Revelations : "It was a roll-call."
Clive : "A roll-call, and I'm not interested in that - yes of course you could name names and you could get, I suppose, a quick frisson out of saying Ronald Reagan is up to his arse in ice, in some lake somewhere, but that's not my style, it's not the kind of book I want to write."
Revelations : "But the films have always nodded towards a schematic."
Clive : "You're right, there's always been a sense of, well, damnation and sinning, but I've always felt there were contradictions built into the system deliberately by me at the very beginning - like, 'Pleasure gets you pain, but you want the pain in a way because it gives you pleasure' that are worth going back to and looking at again as a writer in going back to Hell. So I've just got five people and an animal are about to enter Hell - the second half, the second two-thirds of the book are set in Hell and they are the most mis-matched bunch of people - a dirty half-dozen!"
Revelations : "Who would come together only in a Barker novel."
Clive : "Absolutely! Trust me, I would love to list them because you'd be entertained but it really, really would spoil it. When you come to that moment in the book you'll have a quiet giggle to yourselves; you'll realise what a totally mis-matched bunch of freakoids these guys are! Wonderful people, but they're all oddities, they're all people who are in some sense or other at the edge of culture, of our culture, like so many of my characters and now they're all together in what I suppose I would think is the largest adventure that I could conceive of that did not take place in another world, unless you view Hell as another world, which in some ways is what I'm doing."
Revelations : "Now, an announcement - Books Three, Four and Five of Abarat is some big news."
Clive : "Yeah, it is."
Revelations : "It's growing like Scarlet Gospels - everything's growing out of its box - are you ever going to finish another book?!!"
"Now, well, that's just mean!!
"I had two weeks over Christmas where I sat down with myself and examined what I knew I wanted the narrative journey, the shamanistic journey, that Candy Quackenbush takes from being an errant schoolgirl in Chickentown to being what she will become at the end of what will now be the fifth and final book of the Abarat series. And I realised I couldn't get it in four books; I couldn't get the characters in four books! I mean I deliberately had a night of the long knives in the second book, killed off a bunch of people, thinking, 'Ah, that'll leave some room!' but, Jesus... This is the joy of not really, well, you've known from the beginning how much I've been in service to the energies of this book - how they have seemed from the beginning to have been pre-ordained - that's altogether too pretentious, but they seemed to be - the paintings came along when I didn't expect them - when I started to create a world round them, the world began to proliferate at a speed that I had never experienced in my life before. And I have grown to love this world, probably more than any other that I've created and I want to serve the rising scale of this drama and the conflict and the revelation of what Candy is, of what Abarat is, of what it is to us, as human beings, what we are to it. I want to serve that rising in a - I don't want to rush it. I've heard a lot of people say - and I'm not sure I actually share this belief but I've heard it said that people don't feel that the end of Phillip Pullman's brilliant trilogy really - it's all a little too quick for them - and I think that's a danger, I think sometimes there's an exhaustion factor that creeps in and the act of imagining starts to become overwhelming, you start to say, 'OK, I'm going to close the door on this.' And I don't feel as though I can or should do that with this - this is, in one sense, the closest thing I will do to my idol, Blake's, work in the sense that it's a marriage of my painting and my poetry and my writing and it's for all audiences and it's metaphysical and it's comical and it's demonic and it's of Heaven and Hell and all things in between and if I'm going to do that, Man, I've got to do that the best way I can and I'm not going to fuck it up. That was what the conclusion of that fourteen days was; it was, 'You know what, Barker? You can't do this in four books - own up!' "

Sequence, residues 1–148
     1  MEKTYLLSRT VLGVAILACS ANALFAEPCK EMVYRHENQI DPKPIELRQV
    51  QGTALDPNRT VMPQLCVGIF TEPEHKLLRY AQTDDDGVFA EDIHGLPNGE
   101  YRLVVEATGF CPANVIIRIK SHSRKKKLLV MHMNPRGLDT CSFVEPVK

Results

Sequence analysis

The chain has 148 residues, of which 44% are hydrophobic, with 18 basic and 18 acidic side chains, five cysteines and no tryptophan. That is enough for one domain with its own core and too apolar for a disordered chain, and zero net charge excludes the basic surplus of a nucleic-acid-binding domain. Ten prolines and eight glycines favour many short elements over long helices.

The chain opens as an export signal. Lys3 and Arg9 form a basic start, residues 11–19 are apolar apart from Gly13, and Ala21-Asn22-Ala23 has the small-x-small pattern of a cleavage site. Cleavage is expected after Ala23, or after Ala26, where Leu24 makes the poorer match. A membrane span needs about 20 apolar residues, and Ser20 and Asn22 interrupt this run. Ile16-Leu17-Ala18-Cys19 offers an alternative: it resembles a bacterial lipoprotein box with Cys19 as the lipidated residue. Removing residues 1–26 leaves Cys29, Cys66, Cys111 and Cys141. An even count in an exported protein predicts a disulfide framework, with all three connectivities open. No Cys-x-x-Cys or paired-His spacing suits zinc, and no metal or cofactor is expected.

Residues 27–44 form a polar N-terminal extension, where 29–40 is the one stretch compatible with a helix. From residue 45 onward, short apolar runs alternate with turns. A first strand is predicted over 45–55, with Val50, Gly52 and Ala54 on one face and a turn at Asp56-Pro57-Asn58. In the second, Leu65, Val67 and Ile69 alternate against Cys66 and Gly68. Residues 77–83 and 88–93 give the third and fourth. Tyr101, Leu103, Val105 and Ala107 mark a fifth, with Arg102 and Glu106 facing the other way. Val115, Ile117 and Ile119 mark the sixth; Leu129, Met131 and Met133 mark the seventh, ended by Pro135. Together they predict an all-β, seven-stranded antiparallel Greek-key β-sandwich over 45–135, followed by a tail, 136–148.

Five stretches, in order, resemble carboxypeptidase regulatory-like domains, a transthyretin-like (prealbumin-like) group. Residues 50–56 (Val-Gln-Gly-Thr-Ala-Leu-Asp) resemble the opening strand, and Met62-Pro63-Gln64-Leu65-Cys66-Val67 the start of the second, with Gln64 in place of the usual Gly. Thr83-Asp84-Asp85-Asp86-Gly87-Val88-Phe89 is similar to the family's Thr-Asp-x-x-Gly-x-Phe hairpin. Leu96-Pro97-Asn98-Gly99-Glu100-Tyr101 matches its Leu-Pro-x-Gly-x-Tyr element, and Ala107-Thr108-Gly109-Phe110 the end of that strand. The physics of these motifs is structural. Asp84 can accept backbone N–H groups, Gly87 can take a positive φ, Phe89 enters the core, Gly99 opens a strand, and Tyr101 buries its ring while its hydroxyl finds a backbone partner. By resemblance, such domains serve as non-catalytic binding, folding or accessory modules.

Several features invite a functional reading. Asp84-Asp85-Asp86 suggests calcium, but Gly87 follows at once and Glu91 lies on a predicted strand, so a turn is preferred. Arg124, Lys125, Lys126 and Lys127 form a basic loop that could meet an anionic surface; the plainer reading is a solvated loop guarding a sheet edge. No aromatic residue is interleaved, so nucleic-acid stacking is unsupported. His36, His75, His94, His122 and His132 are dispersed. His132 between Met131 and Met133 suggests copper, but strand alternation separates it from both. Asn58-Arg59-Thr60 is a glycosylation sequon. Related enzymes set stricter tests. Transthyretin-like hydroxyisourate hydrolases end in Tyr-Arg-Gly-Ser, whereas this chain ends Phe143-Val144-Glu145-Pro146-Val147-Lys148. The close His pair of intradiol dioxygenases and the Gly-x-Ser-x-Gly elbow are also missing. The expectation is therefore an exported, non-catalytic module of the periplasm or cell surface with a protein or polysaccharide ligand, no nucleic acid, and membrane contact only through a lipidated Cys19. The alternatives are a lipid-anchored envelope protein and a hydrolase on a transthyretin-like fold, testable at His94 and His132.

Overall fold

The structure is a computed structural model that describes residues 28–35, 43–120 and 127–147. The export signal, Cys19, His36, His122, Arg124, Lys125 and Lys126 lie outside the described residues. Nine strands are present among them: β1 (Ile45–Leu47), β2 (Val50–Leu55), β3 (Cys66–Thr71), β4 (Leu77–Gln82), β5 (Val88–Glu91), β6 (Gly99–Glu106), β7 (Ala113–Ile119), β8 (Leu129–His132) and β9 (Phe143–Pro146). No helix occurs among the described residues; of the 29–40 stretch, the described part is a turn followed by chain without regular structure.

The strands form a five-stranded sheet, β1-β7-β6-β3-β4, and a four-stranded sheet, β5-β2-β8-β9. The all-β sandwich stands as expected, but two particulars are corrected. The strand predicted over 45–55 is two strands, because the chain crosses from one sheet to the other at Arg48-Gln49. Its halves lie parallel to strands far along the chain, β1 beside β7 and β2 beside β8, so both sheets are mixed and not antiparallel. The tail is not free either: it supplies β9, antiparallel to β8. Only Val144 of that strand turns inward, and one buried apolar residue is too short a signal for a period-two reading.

Revelations : "And we've seen all the piles of notes, each time you start some notes, you write on its cover page which book it relates to, either 'Abarat III' or 'Abarat IV' - when was the first time that you actually put 'Abarat V' on the cover of something?"
Clive : "Probably sometime towards the end of December - in that two week period."
Revelations : "Because that's a big step..."
Clive : "A huge step, a huge step, but you know what it did? It was like I had a toy train engine going and behind it in the dust, lost, was the engine of the Titanic. And, by simply saying, 'Five', the dust was blown away and this huge engine moved into motion, and I realised how the mechanism of the smaller engine that I'd been playing with served its place absolutely in the larger one. And that my subconcious had been at work in a very generous way, but you're right, Phil, it's a moment when you say 'Oh...' because you know what each of these books is."
Revelations : "Well, you know it's another hundred paintings and another year of writing."